Top Winter Campervan Destinations in the South Island | Apollo NZ
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Dunedin & Central Otago

A New Zealand campervan holiday to Dunedin and Central Otago offers a truly unique travel experience. Situated on the southeastern coast of the South Island, Dunedin is known for its Scottish heritage and Victorian and Edwardian architecture, while Central Otago, a short drive inland, offers dramatic landscapes characterised by rugged mountains, rolling plains, and crystal-clear lakes. Dunedin is a city that prides itself on its educational and cultural richness, home to the prestigious University of Otago and an array of museums and galleries. Dunedin’s weather can be cooler than other parts of New Zealand, with crisp, clear days perfect for exploring the historic streets or nearby natural attractions.

Central Otago offers a stark contrast with its semi-arid terrain, making it perfect for outdoor activities such as biking along the Otago Central Rail Trail and wine tasting at some of New Zealand's highest altitude vineyards. The region's dry climate and dramatic seasonal changes serve as a stunning backdrop for adventure and relaxation alike. Park up overnight in a Dunedin holiday park or find a secluded spot near one of Central Otago's picturesque lakes. With the convenience of your campervan, you can comfortably switch between urban exploration in Dunedin and remote escapes in the wilds of Otago. Whether you're drawn to Dunedin's cultural scene or the rugged beauty of Otago’s outdoors, this region promises a memorable experience.

 

Why explore Dunedin & Central Otago by campervan

Exploring Dunedin and Central Otago by campervan is the perfect way to immerse yourself in the region's unique blend of cultural heritage and stunning natural beauty. With a campervan, you dictate the pace and path of your journey. In Dunedin, you can easily navigate from the bustling shopping centre to quiet, windswept beaches along the Otago Peninsula. In Central Otago, the freedom to roam allows you to discover hidden gems, from secluded vineyards to historic gold mining towns, all at your own pace. The ability to spontaneously decide where to go next, from a morning exploring Dunedin’s architectural marvels to an afternoon tasting pinot noirs amidst the hills of Central Otago, is a true luxury.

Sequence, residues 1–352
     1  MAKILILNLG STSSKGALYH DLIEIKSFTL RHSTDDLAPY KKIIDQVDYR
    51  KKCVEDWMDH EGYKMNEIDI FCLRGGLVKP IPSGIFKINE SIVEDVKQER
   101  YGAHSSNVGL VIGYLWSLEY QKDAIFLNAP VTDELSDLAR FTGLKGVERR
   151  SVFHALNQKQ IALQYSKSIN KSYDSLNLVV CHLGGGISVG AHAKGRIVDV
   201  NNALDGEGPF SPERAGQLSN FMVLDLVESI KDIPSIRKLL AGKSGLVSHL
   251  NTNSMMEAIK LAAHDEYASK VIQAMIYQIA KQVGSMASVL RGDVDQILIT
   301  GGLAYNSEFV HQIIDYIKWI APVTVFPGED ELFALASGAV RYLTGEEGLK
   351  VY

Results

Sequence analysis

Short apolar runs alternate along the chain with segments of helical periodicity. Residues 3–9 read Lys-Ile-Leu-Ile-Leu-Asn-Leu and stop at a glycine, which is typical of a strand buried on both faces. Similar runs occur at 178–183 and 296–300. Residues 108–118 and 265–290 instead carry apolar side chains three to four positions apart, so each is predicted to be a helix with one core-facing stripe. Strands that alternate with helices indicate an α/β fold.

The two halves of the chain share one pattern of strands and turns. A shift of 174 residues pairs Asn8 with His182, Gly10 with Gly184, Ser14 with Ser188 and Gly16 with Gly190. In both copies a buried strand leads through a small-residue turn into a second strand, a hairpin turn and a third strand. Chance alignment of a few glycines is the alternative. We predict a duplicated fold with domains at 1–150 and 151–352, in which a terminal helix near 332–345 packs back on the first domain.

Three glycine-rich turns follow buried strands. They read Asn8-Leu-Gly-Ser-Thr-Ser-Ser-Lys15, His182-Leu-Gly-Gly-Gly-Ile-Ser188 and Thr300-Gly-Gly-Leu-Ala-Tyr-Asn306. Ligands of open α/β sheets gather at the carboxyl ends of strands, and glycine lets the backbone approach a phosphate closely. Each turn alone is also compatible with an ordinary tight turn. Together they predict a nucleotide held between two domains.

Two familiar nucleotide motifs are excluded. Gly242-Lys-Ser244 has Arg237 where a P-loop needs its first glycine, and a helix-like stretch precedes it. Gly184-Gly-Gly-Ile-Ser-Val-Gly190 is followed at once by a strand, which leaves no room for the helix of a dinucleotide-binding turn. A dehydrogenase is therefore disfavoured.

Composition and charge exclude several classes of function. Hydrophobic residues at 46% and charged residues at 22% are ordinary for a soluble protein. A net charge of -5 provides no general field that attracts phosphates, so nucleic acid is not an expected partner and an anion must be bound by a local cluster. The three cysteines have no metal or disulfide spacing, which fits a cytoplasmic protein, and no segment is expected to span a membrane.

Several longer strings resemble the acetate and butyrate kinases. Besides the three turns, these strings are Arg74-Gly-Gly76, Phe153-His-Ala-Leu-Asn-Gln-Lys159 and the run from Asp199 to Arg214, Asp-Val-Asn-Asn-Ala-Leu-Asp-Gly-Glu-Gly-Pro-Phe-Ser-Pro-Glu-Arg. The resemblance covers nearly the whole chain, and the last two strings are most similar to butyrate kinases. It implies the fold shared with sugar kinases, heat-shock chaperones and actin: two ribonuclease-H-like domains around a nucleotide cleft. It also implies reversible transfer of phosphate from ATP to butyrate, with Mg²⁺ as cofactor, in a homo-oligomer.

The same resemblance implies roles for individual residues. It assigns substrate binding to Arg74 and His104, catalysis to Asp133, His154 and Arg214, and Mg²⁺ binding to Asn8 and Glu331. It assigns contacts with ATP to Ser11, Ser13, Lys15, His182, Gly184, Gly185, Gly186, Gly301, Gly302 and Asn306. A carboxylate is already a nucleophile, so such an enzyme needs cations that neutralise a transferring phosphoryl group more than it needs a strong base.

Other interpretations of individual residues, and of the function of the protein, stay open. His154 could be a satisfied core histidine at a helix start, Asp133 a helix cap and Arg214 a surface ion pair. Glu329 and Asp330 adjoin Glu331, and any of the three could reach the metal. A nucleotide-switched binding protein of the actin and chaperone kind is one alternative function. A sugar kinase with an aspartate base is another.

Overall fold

Travelling by campervan not only offers all the comforts of home, including your own kitchen, bed, and living space but also saves you the hassle of packing and unpacking at each new destination. Plus, having your own facilities means you’re never far from a homecooked meal or a comfortable bed, even if you find yourself in the remote reaches of the region.

 

Things to do in Dunedin & Central Otago

Dunedin and Central Otago abound with diverse attractions, blending rich history with exhilarating outdoor pursuits and gourmet experiences. In Dunedin, discover the opulence of Larnach Castle or engage with local history at the Toitū Otago Settlers Museum. For wildlife lovers, the area offers close encounters with unique species like the yellow-eyed penguin. Moving inland to Central Otago, you can hit the scenic cycle trails, savour exquisite pinot noirs at local vineyards, or try gold panning in Cromwell. Activities like water sports on Lake Dunstan also offer plenty of thrills, ensuring every traveller finds something to cherish.

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Apollo Campervan branches

Christchurch

Setting out from Apollo's Christchurch branch, the road trip through the Canterbury Plains and alongside the Southern Alps is breathtaking, with stops like Lake Tekapo and the historic town of Oamaru enriching your travel experience. 

Queenstown

Departing from Apollo's Queenstown branch, you're perfectly positioned to explore both the adventurous heart of the South Island and the tranquil beauty of Central Otago before reaching Dunedin. 

Auckland

From Apollo Auckland, the multi-day trip to Dunedin and Central Otago – we suggest 10-14 days – offers a comprehensive tour of the North and South Islands, including crossing the Cook Strait by ferry

Auckland City Skyline

Auckland

New Zealand’s multi-cultural hub of food, music, arts and culture.

 

Christchurch City, New Zealand

Christchurch

 One of the world’s most unique destinations.

 

Queenstown

Breathtaking scenery and adrenaline-pumping adventure activities.

 

Helpful tips for visiting Dunedin & Central Otago

 

Climate and seasons in Dunedin & Central Otago